Dental hygiene classes in South Yorkshire as 'a lot of families can't afford toothbrushes'

toothbrushing classes
Classes are being held to teach children the basics of dental hygiene. Credit: PA

Organisers of new dental hygiene lessons for children say a lot of families "can't afford toothbrushes".

Classes are being rolled out across schools in Barnsley to teach youngsters the basics after South Yorkshire was named as having the highest rates of childhood tooth decay in the country.

Last year, 3,325 children across the region were admitted to hospital for tooth extractions. Around 85% of those appointments were because of tooth decay.

Kelly Shaw, who supports families taking part in the classes, said: "We've got 30% of children at the age of five with very bad oral health that are having teeth taken out on a regular basis which is not good.

"A lot of our families can't afford toothbrushes, so we can help with that and we can give them free support.

"We guide, we're not here to judge at all, but we do encourage them that poor dental hygiene and oral health will have an impact on those children."

Barnsley Council is funding supervised clubs at schools, family hubs and other childcare settings to help children understand why brushing should be part of their daily routine.

It comes after a report by Healthwatch Barnsley found more than 60% of respondents had been unable to get an appointment with an NHS dentist in the last two years.

Barnsley mum Izzy has spent months calling dental surgeries across South Yorkshire to try and find her daughter a place.

Izzy Macfarlane, a mother from Barnsley, has been trying to find a space at an NHS dental surgery for the last six months, without success.

Izzy said: "It's just so frustrating, it's out of my hands. I do worry about if my daughter gets tooth ache. No one wants to see their child in pain, I just want what's best for her.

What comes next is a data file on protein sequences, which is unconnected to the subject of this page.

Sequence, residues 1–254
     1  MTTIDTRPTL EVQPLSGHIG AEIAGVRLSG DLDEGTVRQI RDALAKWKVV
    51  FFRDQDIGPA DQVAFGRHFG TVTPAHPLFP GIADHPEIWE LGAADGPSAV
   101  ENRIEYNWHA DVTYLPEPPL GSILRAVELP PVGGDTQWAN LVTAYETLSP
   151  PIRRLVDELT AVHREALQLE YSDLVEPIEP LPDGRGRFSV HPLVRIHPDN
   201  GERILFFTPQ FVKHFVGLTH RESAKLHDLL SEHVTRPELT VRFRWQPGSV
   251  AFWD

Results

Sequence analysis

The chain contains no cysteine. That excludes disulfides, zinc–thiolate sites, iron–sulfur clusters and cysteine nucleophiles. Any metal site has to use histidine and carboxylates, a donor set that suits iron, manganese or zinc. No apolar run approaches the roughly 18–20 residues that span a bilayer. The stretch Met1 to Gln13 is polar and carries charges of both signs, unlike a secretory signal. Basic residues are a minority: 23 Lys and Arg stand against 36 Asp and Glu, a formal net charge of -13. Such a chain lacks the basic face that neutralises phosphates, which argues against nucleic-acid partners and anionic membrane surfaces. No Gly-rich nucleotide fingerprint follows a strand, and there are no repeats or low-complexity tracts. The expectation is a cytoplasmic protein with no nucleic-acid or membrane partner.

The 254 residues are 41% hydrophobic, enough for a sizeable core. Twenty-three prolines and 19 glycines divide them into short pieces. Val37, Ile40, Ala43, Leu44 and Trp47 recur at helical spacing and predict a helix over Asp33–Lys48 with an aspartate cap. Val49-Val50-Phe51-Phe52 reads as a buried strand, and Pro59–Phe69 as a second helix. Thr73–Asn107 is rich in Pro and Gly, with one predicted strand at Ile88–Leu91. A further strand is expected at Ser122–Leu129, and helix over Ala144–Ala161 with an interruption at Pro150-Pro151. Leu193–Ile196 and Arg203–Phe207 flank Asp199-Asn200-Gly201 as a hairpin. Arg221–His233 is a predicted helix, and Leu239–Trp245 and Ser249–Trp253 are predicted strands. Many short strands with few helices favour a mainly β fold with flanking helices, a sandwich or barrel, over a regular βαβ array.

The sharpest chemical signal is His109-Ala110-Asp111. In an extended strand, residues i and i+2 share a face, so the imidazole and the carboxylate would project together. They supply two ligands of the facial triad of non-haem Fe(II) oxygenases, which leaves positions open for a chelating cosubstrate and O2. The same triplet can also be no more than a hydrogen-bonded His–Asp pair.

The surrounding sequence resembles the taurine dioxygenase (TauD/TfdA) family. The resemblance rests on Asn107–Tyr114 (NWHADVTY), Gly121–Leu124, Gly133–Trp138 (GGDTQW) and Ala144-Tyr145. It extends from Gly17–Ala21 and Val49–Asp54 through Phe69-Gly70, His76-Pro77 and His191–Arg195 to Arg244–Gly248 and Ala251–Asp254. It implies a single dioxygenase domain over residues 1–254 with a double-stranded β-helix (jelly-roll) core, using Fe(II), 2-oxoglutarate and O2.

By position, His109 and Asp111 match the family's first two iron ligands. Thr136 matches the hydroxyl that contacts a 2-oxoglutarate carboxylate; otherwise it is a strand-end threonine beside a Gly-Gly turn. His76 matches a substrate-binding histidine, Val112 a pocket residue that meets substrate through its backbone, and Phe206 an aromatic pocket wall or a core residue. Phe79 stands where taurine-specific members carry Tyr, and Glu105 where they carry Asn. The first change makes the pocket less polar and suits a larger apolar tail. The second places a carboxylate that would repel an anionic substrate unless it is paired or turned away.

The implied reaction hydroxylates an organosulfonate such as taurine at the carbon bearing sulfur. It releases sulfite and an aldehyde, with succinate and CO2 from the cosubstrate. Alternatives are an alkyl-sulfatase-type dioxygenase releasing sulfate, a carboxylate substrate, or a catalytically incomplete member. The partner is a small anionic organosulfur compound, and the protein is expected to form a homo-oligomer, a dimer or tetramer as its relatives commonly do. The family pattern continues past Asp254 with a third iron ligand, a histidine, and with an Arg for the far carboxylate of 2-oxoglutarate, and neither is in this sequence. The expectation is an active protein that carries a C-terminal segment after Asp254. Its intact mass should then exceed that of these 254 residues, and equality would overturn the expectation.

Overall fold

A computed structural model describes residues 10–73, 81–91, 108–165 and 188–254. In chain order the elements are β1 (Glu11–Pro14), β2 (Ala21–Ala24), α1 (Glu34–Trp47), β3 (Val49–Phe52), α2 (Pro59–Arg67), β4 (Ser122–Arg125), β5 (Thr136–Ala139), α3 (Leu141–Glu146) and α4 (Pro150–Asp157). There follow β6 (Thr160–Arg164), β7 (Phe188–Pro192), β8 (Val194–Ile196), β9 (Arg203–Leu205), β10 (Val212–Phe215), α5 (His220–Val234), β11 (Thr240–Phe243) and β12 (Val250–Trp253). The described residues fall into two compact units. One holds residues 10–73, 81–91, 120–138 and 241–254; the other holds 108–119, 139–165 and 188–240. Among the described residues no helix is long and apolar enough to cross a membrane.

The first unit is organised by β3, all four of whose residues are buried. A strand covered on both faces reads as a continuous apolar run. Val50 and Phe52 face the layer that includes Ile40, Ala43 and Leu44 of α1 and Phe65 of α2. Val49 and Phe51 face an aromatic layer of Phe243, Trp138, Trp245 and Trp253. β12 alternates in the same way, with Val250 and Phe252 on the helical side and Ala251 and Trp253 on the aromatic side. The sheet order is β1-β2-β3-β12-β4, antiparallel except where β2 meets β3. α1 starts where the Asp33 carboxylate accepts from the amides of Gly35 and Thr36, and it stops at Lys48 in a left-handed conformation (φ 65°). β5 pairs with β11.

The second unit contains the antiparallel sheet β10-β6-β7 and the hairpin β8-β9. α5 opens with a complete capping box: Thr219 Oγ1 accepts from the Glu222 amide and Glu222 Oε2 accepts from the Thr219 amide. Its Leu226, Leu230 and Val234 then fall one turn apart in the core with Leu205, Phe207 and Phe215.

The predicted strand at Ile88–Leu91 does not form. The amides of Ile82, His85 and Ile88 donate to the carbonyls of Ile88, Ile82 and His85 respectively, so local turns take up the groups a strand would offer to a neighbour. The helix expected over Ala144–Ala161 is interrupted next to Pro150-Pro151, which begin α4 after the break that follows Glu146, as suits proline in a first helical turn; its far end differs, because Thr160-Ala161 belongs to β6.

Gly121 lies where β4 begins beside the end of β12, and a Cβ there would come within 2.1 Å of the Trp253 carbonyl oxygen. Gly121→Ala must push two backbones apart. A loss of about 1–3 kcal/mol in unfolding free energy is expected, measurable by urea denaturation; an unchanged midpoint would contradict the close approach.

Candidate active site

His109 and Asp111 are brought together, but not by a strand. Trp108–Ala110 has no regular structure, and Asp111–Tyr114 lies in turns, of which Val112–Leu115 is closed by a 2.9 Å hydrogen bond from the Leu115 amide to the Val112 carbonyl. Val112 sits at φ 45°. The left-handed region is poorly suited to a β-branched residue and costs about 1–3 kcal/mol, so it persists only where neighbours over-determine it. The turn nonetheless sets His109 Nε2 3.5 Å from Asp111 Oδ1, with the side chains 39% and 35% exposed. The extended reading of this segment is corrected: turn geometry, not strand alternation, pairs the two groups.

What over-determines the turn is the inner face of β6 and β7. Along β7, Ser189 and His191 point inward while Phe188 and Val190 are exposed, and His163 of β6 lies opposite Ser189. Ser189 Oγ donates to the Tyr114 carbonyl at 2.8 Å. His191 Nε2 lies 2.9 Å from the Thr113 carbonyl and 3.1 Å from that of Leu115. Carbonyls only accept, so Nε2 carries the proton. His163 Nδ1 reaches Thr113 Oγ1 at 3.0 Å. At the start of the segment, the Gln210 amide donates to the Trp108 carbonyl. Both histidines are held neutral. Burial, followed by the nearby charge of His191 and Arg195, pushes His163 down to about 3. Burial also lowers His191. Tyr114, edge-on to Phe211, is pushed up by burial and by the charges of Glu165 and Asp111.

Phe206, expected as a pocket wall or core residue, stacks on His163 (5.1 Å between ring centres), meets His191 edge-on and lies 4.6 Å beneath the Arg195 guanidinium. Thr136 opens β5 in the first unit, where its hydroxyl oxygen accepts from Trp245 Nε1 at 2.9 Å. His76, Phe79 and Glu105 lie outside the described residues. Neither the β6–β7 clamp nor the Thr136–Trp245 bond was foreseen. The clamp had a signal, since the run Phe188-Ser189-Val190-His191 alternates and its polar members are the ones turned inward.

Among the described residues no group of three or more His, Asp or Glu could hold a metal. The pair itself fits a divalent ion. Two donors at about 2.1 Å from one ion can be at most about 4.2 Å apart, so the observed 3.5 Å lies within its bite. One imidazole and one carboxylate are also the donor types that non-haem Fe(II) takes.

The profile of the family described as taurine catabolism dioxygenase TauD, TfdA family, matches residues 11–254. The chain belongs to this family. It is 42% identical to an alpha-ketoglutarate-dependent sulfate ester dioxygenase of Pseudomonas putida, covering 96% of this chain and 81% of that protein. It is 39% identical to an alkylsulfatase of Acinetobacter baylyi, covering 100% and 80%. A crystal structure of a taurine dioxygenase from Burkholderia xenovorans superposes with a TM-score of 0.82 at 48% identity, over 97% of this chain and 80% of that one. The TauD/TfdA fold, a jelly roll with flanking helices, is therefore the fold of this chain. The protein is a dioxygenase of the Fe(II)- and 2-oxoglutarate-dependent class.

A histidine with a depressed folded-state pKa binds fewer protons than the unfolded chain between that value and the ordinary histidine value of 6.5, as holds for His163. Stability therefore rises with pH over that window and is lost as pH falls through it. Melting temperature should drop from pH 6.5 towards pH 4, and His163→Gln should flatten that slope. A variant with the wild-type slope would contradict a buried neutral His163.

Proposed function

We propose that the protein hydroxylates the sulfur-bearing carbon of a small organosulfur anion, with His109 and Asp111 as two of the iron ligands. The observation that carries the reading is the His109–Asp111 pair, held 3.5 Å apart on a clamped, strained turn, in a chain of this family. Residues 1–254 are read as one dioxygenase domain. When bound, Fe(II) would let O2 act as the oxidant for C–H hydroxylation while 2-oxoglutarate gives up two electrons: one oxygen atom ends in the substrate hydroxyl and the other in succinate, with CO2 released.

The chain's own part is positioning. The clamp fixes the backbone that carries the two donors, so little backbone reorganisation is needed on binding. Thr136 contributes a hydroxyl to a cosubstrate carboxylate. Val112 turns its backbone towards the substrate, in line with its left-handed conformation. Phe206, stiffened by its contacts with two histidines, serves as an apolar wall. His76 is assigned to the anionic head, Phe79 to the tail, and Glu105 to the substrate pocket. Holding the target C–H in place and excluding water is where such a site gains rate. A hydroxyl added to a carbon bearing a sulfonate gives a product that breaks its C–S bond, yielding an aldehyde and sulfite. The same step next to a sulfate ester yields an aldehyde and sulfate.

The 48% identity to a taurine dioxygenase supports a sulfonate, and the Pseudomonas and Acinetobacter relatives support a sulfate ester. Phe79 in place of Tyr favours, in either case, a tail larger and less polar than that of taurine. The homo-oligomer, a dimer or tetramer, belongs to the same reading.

"I think us less privileged people are honestly just pushed to one side with it. All these dentists that are privatising, there's nothing left for us and I feel we still deserve healthcare, even if we are lower class."

Paediatric consultant Jen Kirby, who works at Charles Clifford Dental Hospital in Sheffield, has carried out research into how dental decay impacts children.

She said: "They can't sleep, can't eat on that one side, they have to change what they eat because they can't have hard foods, they miss days off school and parents then miss days off work.

"If we equip our children now with the skills for preventable dental decay, they'll take that forward whenever they have families and that chain going around will then stop that cycle of further children coming into the services."

The government launched its £200million Dental Recovery Plan in January, to incentivise dentists to treat patients who have not been seen by an NHS dentist in two years.

In response to concerns regarding children's oral health, a spokesperson for the Department of Health and Social Care said: "Mobile dental teams will be sent into schools in under-served areas to deliver advice and treatments to more than 165,000 children.

"These measures are part of our wider Dental Recovery Plan, which will create 2.5 million more appointments in England.”

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